Georgia UCEDD Research Effects of COVID-19 on Adults with IDD & DSPs

September 8, 2020

ATLANTA, GA - Since the emergence of the novel Coronavirus (COVID-19) last year, and its subsequent spread into a pandemic, we have seen a number of communities step up to face this unique challenge. Many doctors, scientists, community leaders, and politicians are using their strengths to combat this disease. Researchers too, are facing a new struggle to address what happens during and after COVID-19 affects the daily lives of millions of people.

Erin Vinoski Thomas, PhD, is a Research Assistant Professor at the Center for Leadership in Disability (CLD) at Georgia State University. She and her team are exploring the effects of the COVID-19 pandemic on quality of life among adults with intellectual and developmental disabilities (IDD) and direct support professionals (DSPs). They aim to evaluate changes in four domains in quality of life among both people with IDD and their DSPs resulting from the COVID-19 pandemic, and to understand how people with IDD and their DSPs experience the pandemic and seek support from each other and other resources to maximize and preserve their quality of life during this time.

A total of 137 (61 adults with IDD and 76 DSPs) responded to an initial survey in May. The research team has since conducted 18 interviews with a purposively selected sample of the survey respondents, and will follow up with second interviews of those same respondents in the fall. Dr. Vinoski Thomas hopes the findings from this research will allow the team to educate policymakers about changes that can be made to ensure the safety and wellbeing of people with IDD and DSPs in infectious disease emergencies, including policies regarding DSP working conditions, pay, and leave, that keep both populations vulnerable.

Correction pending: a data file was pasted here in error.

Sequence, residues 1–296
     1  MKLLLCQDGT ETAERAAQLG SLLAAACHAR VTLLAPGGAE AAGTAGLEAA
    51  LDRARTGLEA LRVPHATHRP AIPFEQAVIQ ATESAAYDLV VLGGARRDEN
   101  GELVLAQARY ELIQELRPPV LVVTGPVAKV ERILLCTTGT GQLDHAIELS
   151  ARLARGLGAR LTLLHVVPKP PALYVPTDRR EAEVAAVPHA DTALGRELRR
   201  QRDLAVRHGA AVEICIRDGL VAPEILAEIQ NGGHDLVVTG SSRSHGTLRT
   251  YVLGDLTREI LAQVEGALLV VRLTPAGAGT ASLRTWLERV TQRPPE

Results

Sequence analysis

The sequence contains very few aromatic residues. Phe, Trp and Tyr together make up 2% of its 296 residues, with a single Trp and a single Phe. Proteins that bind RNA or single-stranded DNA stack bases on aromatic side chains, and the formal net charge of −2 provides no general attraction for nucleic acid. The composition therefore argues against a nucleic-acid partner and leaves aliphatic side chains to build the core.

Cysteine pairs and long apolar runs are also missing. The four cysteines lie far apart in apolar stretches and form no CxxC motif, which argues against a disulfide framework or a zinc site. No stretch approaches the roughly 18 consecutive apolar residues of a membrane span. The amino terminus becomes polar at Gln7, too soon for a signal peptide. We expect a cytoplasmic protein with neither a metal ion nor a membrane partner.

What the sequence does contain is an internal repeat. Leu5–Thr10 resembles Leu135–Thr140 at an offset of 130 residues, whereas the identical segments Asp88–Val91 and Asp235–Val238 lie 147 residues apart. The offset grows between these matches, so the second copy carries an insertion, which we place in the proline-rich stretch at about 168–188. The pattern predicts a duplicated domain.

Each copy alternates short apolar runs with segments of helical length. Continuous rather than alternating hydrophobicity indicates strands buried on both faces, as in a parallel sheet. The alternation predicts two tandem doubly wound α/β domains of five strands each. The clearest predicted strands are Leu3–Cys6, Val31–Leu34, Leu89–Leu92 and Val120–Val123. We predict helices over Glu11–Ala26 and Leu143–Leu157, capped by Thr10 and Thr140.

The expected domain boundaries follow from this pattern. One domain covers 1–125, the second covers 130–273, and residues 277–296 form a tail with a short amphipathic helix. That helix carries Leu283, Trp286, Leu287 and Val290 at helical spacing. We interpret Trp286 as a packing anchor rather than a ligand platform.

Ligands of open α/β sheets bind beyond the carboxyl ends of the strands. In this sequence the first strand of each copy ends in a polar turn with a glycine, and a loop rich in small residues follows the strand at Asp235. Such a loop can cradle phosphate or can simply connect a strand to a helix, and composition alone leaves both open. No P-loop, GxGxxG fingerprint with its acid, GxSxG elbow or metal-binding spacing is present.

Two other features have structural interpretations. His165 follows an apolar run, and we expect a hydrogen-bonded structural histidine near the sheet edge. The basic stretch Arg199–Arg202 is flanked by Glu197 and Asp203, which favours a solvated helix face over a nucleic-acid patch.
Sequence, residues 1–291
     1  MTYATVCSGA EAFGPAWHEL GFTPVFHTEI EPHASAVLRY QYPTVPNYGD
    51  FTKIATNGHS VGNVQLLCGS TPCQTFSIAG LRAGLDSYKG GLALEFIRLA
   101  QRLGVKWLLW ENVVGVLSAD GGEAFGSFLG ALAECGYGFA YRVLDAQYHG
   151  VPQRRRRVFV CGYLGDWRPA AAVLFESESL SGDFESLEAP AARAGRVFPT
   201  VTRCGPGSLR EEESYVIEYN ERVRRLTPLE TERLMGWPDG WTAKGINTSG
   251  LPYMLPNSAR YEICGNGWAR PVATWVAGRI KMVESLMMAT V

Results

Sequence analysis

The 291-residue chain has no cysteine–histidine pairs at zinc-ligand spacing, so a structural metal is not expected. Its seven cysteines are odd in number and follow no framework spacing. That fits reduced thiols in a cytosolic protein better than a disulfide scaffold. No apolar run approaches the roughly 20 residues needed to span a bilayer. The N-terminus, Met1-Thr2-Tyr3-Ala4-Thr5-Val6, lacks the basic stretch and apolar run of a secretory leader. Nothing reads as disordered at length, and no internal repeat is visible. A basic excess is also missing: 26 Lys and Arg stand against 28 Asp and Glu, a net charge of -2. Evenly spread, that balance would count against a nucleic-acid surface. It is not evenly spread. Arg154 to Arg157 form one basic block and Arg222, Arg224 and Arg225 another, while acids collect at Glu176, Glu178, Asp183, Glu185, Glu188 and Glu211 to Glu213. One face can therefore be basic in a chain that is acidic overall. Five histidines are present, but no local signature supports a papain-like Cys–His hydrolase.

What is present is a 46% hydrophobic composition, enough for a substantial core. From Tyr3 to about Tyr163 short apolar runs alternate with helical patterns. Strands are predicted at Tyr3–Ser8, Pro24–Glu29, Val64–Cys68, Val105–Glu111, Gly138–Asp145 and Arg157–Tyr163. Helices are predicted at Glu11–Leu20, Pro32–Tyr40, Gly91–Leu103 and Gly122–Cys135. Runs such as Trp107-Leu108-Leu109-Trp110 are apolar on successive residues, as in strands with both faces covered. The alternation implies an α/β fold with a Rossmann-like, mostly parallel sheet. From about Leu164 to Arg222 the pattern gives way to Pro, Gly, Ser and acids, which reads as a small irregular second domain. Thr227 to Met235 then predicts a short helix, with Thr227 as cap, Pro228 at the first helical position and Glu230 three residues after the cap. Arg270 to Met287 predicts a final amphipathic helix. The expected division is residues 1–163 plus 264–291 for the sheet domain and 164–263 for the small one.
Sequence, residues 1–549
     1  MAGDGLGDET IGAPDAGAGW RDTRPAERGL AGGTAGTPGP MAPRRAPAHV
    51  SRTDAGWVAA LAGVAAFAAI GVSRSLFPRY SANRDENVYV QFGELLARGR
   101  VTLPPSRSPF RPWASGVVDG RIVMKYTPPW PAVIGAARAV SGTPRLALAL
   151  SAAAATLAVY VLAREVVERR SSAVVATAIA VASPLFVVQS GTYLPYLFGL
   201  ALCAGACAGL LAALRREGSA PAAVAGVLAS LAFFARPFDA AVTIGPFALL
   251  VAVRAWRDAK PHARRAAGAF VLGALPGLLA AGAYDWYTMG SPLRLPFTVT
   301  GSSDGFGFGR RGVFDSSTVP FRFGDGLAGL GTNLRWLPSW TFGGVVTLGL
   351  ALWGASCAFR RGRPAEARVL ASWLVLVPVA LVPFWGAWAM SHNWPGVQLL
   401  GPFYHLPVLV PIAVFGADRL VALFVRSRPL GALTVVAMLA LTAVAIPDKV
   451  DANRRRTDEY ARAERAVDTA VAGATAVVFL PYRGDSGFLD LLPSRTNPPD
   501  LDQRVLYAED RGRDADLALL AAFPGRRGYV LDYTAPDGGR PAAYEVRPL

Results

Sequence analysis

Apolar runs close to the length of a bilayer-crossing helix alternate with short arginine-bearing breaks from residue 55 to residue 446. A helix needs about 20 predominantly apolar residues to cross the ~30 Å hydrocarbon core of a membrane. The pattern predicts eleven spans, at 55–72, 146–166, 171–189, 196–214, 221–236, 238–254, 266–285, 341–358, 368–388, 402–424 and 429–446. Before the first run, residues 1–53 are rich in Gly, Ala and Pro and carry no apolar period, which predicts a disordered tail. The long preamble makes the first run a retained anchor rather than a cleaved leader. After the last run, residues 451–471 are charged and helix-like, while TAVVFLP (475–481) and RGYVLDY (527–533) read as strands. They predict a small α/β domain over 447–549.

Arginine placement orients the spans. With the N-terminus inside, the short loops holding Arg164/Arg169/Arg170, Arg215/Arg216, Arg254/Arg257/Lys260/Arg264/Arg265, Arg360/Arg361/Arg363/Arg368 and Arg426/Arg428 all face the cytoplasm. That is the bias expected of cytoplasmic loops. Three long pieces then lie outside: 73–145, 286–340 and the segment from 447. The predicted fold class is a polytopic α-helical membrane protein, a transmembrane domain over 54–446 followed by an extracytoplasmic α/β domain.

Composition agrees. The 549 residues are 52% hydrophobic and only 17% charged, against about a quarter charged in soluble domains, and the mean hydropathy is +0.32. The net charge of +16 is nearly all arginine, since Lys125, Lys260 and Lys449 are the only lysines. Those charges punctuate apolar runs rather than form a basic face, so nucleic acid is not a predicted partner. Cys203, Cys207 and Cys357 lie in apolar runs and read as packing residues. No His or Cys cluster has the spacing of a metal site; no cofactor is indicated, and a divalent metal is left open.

Given the CLD's focus on addressing the intersections of disability and racial/ethnic health disparities, Dr. Vinoski Thomas thought it "critical to understand how the pandemic has affected people with IDD and DSPs who also represent racial and ethnic minority groups and live in both urban and rural areas". She reports being pleasantly surprised by the willingness of participants to share their experiences with both the COVID-19 pandemic and what some respondents have referred to as a "second pandemic of racial injustice" with the researchers. She reflects that "their interest in the study shows how important it is for us to gather this information and translate it into meaningful change."

Dr. Vinoski Thomas would like to acknowledge the organizations funding this research, including the Natural Hazards Center at the University of Colorado at Boulder and the Georgia Council on Developmental Disabilities. She also acknowledges the three graduate students who comprise the rest of the research team: Bridgette Schram, MS, a PhD student in School of Public Health at GSU; Rachel Odunlami, an MPH student in School of Public Health at GSU; and Sombal Bari, an MSW/MPH student at the University of Georgia.